DON’T LOOK NOW A-
Great Britain Italy (110 mi) 1973 d: Nicolas Roeg
Great Britain Italy (110 mi) 1973 d: Nicolas Roeg
A film that thrives on what’s happening under the surface, a mood of disaffected emotions, a series of endless searches, missed connections, various mediums, overlapping dialogue that sometimes fades out altogether, and deteriorating ancient relics that need restoration that may as well stand for the declining morals and deteriorating importance of the Catholic Church. Adapted from a Daphne du Maurier short story from her book Not After Midnight, 1971, who interestingly wrote a letter to Roeg congratulating him on making such a strong adaptation of her story, this film was released in the same year as THE EXORCIST (1973), received some notoriety as an art film, for the sex scenes between Donald Sutherland and Julie Christie who were offscreen lovers at the time, and remains downright gloomy to watch, with its icy disconnected emotions captured in the back alleys and canals and dark shadows under the bridges of Venice during winter. The surface detail shot by Anthony Richmond as well as the director, also the over-the-top musical score by Pino Donnagio accentuates the unsettled psychological mood that only grows more macabre by the film’s end.
Nicolas Roeg trained for twenty-three years in the British Film Industry before getting a shot as a director, starting out as an editing apprentice and camera operator for twelve years before getting the chance to work under infamous British director David Lean on the second unit photography for LAWRENCE OF ARABIA (1962), eventually becoming the lead cinematographer on Roger Corman’s THE MASQUE OF THE RED DEATH (1964), François Truffaut’s FAHRENHEIT 451 (1966), John Schlesinger’s FAR FROM THE MADDENING CROWD (1967), and Richard Lester’s PETULIA (1968), before co-directing his first film at age 42, the legendary PERFORMANCE (1970) starring Mick Jagger in his film debut, amusingly voted best performance by a musician in a film by Film Comment in the September/October 2009 edition. Roeg brought his own camerawork into WALKABOUT (1971), his first solo effort, a uniquely visualized, magnificently beautiful film. Roeg’s films characteristically are beautifully filmed, where each shot displays a mastery of composition, framing, focus, and color qualities, breaking free from conventional film narration, exhibiting an experimental use of editing, creating an impressionistic film mosaic told out of time, challenging the viewer to understand the work as a whole, even as the fragmented parts may be puzzling to comprehend, heavily influencing modern era directors such as Christopher Nolan, Francois Ozon, Danny Boyle, and Steven Soderbergh.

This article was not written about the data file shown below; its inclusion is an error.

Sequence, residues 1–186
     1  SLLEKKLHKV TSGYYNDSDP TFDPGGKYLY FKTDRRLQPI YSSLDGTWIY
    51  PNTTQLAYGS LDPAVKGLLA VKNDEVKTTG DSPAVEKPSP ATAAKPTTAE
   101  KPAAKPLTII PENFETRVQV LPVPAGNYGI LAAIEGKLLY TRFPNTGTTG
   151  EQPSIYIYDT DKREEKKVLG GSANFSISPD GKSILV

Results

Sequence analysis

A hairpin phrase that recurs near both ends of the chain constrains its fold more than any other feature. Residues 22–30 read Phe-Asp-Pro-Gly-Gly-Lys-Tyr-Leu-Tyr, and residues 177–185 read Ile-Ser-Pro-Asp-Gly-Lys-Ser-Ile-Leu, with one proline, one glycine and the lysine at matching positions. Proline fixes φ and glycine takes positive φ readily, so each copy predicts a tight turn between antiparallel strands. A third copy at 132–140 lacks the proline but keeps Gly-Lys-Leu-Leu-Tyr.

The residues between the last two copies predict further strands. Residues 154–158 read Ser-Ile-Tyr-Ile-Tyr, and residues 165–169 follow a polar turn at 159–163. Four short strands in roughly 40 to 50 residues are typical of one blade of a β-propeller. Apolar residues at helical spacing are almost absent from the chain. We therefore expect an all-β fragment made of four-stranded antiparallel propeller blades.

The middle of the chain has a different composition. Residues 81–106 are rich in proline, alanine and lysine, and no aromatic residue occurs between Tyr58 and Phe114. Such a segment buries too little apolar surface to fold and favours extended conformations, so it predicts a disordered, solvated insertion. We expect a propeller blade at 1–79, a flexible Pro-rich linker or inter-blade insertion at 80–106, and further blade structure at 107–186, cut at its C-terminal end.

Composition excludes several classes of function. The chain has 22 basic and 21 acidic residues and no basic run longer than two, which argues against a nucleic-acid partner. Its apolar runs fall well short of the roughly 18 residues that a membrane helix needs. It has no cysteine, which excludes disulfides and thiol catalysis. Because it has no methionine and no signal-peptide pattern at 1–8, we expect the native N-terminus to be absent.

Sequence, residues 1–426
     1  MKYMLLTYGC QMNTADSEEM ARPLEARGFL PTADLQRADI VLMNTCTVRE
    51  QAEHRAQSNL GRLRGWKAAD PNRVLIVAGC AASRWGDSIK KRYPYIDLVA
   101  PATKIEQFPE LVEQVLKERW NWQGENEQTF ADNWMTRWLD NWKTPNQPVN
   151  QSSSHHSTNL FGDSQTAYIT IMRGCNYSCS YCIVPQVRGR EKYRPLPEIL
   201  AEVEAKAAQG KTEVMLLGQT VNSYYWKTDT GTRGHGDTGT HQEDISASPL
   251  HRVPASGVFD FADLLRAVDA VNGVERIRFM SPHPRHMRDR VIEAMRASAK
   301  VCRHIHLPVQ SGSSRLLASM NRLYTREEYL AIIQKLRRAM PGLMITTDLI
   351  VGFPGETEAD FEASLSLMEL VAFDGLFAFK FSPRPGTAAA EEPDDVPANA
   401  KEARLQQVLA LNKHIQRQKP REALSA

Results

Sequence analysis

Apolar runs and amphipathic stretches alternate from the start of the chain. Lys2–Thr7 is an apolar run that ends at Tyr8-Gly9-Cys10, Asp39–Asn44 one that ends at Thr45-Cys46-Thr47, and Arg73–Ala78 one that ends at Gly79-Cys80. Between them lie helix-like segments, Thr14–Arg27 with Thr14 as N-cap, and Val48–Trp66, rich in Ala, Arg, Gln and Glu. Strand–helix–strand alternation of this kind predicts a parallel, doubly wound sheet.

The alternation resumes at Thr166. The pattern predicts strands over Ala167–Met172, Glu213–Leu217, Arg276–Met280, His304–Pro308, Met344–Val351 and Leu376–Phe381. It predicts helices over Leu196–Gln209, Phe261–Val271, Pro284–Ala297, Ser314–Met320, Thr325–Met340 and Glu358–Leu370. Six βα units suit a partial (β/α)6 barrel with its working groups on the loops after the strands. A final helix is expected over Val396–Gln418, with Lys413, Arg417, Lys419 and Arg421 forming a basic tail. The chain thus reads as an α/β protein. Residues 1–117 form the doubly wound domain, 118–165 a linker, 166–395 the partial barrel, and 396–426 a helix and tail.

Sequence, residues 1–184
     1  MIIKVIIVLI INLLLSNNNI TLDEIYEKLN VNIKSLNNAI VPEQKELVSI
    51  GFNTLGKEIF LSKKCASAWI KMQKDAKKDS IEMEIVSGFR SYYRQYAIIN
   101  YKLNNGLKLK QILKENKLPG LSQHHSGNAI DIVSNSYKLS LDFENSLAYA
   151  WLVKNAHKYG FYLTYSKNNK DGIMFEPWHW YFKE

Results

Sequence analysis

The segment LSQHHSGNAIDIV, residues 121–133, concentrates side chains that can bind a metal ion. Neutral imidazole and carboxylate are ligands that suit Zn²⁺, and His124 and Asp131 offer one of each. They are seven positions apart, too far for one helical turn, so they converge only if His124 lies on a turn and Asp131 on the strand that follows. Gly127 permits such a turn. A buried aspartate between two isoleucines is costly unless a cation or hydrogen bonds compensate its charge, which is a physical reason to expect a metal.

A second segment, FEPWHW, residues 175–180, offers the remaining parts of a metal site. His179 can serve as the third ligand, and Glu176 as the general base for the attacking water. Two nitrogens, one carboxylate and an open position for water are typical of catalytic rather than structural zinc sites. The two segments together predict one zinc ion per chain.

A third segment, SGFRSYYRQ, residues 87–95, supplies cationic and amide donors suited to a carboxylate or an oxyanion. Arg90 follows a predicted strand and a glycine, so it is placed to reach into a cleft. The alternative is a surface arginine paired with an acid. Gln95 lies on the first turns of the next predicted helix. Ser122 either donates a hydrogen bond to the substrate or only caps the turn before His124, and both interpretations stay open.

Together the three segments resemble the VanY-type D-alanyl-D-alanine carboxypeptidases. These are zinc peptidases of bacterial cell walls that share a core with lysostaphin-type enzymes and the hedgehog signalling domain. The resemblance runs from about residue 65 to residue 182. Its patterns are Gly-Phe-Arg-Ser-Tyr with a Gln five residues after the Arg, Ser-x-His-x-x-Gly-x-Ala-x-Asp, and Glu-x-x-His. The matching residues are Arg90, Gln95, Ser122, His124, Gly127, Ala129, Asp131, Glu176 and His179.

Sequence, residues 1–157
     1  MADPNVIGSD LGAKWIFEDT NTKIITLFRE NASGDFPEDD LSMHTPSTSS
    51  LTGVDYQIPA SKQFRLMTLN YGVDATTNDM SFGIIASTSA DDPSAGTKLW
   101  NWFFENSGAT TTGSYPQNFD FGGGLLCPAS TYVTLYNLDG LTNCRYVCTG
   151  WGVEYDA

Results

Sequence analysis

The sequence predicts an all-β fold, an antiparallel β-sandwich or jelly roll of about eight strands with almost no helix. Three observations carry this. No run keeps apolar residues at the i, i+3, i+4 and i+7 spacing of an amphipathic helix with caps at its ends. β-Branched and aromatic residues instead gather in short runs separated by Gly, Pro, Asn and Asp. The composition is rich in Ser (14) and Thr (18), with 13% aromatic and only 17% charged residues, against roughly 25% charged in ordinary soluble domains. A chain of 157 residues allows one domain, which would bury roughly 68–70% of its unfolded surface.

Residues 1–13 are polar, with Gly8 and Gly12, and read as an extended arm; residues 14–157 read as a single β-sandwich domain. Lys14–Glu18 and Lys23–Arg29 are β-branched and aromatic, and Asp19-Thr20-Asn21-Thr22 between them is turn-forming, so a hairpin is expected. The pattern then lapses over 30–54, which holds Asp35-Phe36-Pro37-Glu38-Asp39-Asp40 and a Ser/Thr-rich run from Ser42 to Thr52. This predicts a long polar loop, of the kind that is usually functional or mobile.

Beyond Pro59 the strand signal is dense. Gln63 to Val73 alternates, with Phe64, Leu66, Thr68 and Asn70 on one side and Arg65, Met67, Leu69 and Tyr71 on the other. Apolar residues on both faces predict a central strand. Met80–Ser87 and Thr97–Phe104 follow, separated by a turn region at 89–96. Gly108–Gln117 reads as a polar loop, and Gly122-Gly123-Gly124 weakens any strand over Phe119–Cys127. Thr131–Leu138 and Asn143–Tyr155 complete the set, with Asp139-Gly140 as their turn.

Innocently enough, the film begins with raindrops on a lake, showing the reflection of Christine (Sharon Williams), a little girl wearing a bright red raincoat playing around the water’s edge on a giant estate while her parents, art restorer John Baxter (Donald Sutherland) and his wife Laura (Julie Christie), sit in the warm comfort of their home oblivious to what’s happening outside, until suddenly and unexpectedly John races outside without any warning and discovers Christine’s body too late, as she has already drowned. The scene shifts to Venice where the couple hopes a change of scenery will lift their grief-stricken spirits, where John is working on restoring a church, to the complete indifference of the Bishop. Venice with its waterways is certainly an interesting choice to recover from the shock of a drowning, where it’s used as a location of eroticism and violence, while another is Sutherland’s impeccable unsubtitled Italian, which is prominently featured throughout, a subtle yet effective device to keep the audience in the dark. Adding to this curious mixture, Laura meets two inseparable sisters, one of whom is a blind psychic that communicates with the dead, claiming their child is trying to contact them and warn them of imminent danger, a complete stranger accurately describing her physical appearance, which sends Laura in a swoon.